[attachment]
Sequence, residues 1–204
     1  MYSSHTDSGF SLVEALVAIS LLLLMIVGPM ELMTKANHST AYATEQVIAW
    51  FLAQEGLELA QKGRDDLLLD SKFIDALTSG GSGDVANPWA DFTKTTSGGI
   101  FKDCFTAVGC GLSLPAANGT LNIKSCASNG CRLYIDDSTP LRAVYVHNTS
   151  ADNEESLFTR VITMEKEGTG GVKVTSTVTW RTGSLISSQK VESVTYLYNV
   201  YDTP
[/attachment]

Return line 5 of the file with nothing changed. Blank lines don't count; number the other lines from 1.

   151  ADNEESLFTR VITMEKEGTG GVKVTSTVTW RTGSLISSQK VESVTYLYNV